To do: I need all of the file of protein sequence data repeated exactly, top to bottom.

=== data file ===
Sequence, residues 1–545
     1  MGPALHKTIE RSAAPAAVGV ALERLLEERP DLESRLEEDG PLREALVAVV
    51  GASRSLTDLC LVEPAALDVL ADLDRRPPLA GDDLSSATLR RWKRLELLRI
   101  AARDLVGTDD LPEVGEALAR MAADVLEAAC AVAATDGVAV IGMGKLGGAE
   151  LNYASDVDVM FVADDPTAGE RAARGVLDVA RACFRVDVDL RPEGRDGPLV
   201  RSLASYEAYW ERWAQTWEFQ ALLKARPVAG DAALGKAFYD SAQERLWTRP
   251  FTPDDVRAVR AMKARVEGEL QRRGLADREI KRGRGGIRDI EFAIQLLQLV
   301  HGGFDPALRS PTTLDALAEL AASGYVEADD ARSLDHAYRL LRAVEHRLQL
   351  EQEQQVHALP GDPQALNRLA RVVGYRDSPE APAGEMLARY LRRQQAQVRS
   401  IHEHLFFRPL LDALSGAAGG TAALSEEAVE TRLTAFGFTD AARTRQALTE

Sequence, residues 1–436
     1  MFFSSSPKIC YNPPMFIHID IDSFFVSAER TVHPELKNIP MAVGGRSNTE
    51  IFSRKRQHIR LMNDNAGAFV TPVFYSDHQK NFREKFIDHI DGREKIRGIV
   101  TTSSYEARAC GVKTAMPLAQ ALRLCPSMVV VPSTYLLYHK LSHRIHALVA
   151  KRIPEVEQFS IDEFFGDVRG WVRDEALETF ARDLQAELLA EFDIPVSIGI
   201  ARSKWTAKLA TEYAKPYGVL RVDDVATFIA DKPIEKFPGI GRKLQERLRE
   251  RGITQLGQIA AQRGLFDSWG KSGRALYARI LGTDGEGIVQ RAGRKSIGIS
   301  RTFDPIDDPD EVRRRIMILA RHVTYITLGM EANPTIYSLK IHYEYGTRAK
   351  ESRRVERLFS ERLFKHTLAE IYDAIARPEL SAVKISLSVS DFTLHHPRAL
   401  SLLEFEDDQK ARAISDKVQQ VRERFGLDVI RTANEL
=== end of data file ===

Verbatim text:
Sequence, residues 1–545
     1  MGPALHKTIE RSAAPAAVGV ALERLLEERP DLESRLEEDG PLREALVAVV
    51  GASRSLTDLC LVEPAALDVL ADLDRRPPLA GDDLSSATLR RWKRLELLRI
   101  AARDLVGTDD LPEVGEALAR MAADVLEAAC AVAATDGVAV IGMGKLGGAE
   151  LNYASDVDVM FVADDPTAGE RAARGVLDVA RACFRVDVDL RPEGRDGPLV
   201  RSLASYEAYW ERWAQTWEFQ ALLKARPVAG DAALGKAFYD SAQERLWTRP
   251  FTPDDVRAVR AMKARVEGEL QRRGLADREI KRGRGGIRDI EFAIQLLQLV
   301  HGGFDPALRS PTTLDALAEL AASGYVEADD ARSLDHAYRL LRAVEHRLQL
   351  EQEQQVHALP GDPQALNRLA RVVGYRDSPE APAGEMLARY LRRQQAQVRS
   401  IHEHLFFRPL LDALSGAAGG TAALSEEAVE TRLTAFGFTD AARTRQALTE

Sequence, residues 1–436
     1  MFFSSSPKIC YNPPMFIHID IDSFFVSAER TVHPELKNIP MAVGGRSNTE
    51  IFSRKRQHIR LMNDNAGAFV TPVFYSDHQK NFREKFIDHI DGREKIRGIV
   101  TTSSYEARAC GVKTAMPLAQ ALRLCPSMVV VPSTYLLYHK LSHRIHALVA
   151  KRIPEVEQFS IDEFFGDVRG WVRDEALETF ARDLQAELLA EFDIPVSIGI
   201  ARSKWTAKLA TEYAKPYGVL RVDDVATFIA DKPIEKFPGI GRKLQERLRE
   251  RGITQLGQIA AQRGLFDSWG KSGRALYARI LGTDGEGIVQ RAGRKSIGIS
   301  RTFDPIDDPD EVRRRIMILA RHVTYITLGM EANPTIYSLK IHYEYGTRAK
   351  ESRRVERLFS ERLFKHTLAE IYDAIARPEL SAVKISLSVS DFTLHHPRAL
   401  SLLEFEDDQK ARAISDKVQQ VRERFGLDVI RTANEL